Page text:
Cat's out of the bag: Sharpton outed as FBI informant
Herb Boyd | 4/10/2014, 9:14 a.m.
With President Barack Obama scheduled to speak Friday at the National Action Network’s annual convention, the website the Smoking Gun felt it was an opportune time to dig up some old dirt to smear the Rev. Al Sharpton and, by extension, tarnish the president.
Smoking Gun, the reverend said at a press conference Tuesday morning at NAN, was “fired long ago,” or misfired in charging him with wearing a wire back in the 1980s as an informant for the FBI.
At the press conference, in a phone interview later with the Amsterdam News as well as on his television show on MSNBC that evening, Sharpton insisted that he was not an informant but rather was cooperating with an investigation.
“I was not an informant,” he said on “PoliticsNation.” “I was an American citizen.”
The Smoking Gun ran a lengthy article by William Bastone and others featuring several documents culled from FBI files and Freedom of Information Act requests. Sharpton is listed as “C1-7” (Confidential Informant No. 7), though this must be taken at face value since there is no way to know the informant’s true identity.
“CI-7 or B-19,” Sharpton cracked at the press conference, “I have no idea what that’s about.” He also snapped back at the headlines in the Daily News and the New York Post. “I am not a rat, I’m a cat. I chase rats.”
Unlike his explanation in his book “Go and Tell Pharaoh,” Sharpton admitted that he wore a wire for the FBI because he was being threatened by mob-like individuals, and he felt his life was in danger, especially from the Mafia. “Why was it OK when I was fighting organized crime and now I’m considered an informant?” he said during the interview.
“What they are doing is just another example of criminalization of Black men,” Sharpton continued, countering the accusations of the Smoking Gun. “[It’s] another way of stereotyping and demonizing us.”
In his book, Sharpton raises a point about the timing of the disclosures of wearing a wire in 1983, and he asked why “it did not become public knowledge until 1988? And if I was in fact on the FBI payroll, as has been accused, why did they assault me then? The reason for the attacks is that by 1988, I had a profile, I was moving against the system.”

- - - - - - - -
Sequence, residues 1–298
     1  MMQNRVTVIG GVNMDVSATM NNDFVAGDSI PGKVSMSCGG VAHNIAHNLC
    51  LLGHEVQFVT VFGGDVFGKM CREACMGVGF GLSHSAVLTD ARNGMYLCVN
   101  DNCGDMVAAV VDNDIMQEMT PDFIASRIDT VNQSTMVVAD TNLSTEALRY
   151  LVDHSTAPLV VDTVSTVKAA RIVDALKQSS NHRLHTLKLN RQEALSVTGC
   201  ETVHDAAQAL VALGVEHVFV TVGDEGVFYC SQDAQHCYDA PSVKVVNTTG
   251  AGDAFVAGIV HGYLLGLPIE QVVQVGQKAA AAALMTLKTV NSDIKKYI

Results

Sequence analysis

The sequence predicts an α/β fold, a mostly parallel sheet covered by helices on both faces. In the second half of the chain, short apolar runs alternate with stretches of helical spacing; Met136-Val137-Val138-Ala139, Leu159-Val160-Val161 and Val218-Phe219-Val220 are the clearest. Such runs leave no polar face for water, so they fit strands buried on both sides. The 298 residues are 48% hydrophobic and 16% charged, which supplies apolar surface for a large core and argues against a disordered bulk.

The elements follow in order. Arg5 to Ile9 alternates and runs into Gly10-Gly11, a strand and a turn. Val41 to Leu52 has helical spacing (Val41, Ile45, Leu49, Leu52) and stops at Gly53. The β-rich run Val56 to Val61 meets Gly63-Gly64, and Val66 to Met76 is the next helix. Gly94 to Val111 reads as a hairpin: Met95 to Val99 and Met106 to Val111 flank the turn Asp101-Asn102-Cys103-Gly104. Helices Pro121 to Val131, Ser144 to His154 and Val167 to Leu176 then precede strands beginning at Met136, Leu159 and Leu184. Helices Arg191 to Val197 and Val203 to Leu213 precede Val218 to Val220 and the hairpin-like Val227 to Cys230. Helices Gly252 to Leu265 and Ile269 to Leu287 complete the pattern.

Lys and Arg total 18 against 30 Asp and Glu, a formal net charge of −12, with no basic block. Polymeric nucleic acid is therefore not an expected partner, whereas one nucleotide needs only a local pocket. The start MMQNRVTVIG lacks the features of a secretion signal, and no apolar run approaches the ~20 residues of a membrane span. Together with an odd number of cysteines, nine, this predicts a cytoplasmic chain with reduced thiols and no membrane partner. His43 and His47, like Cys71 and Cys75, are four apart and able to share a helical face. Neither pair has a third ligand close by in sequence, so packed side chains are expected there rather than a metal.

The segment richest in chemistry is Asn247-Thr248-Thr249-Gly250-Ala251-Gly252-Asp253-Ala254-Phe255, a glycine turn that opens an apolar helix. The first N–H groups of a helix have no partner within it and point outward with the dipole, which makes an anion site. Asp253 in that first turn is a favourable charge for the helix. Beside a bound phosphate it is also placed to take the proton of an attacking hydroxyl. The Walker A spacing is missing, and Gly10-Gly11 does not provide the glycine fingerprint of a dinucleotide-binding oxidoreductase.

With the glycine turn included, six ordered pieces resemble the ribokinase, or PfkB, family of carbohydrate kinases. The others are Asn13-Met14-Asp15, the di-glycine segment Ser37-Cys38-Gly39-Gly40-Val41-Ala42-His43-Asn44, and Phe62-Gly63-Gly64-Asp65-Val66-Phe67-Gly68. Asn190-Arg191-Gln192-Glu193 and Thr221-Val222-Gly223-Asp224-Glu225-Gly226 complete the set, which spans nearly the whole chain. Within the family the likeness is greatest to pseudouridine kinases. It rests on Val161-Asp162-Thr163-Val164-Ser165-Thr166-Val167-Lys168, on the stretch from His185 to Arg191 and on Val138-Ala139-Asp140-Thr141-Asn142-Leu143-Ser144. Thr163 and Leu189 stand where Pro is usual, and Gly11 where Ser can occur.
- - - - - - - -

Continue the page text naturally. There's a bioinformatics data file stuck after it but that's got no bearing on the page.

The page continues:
Sharpton’s profile is even more public now, and it is interesting that the Smoking Gun article cites the friendly relationship Sharpton has with Obama as if to warn him of the minister’s past endeavors. The article states that Sharpton was “a paid informant,” which we were unable to substantiate.
What the Smoking Gun article did not touch on was the extent to which Sharpton’s spying reached beyond organized crime and into the activist community. We were reminded of this issue in an email from Sundiata Sadiq, a former president of the NAACP in Ossining, N.Y. “I was the only president who actively supported the story involving the rape and cover-up of Tawana Brawley,” he wrote. “I truly believed her after hearing the pastor from the church in Newburgh of other rapes and law enforcement involvement.”
Sadiq said it later surfaced that Sharpton was an agent working for the FBI. “A meeting took place in the Apollo Theater with Sonny Carson and others to listen to Elombe Brath expose Sharpton trying to lure Assata Shakur (Joanne Chesimard) into some kind of trap … later we learned Sharpton’s TV was hooked up to the tape even when it wasn’t on.”
A much longer version of this episode was published by reporter Ron Howell in Newsday in October 1988, but Sharpton flatly denied trying to make contact with Shakur.
All the uproar around whether Sharpton is a rat or cat hasn’t fazed Mayor Bill de Blasio’s opinion. “Doesn’t change the relationship one bit,” the mayor told the press. “I’m very proud to be his friend. I think he has done a lot of good for the city of New York and this country.”
On his television show, Sharpton said,
“I did what I tell kids everyday all over this country that they should do. And that is, deal with getting guns and crime out of their community and cooperate with the law.”
And, in effect, Sharpton is saying, snitching is good.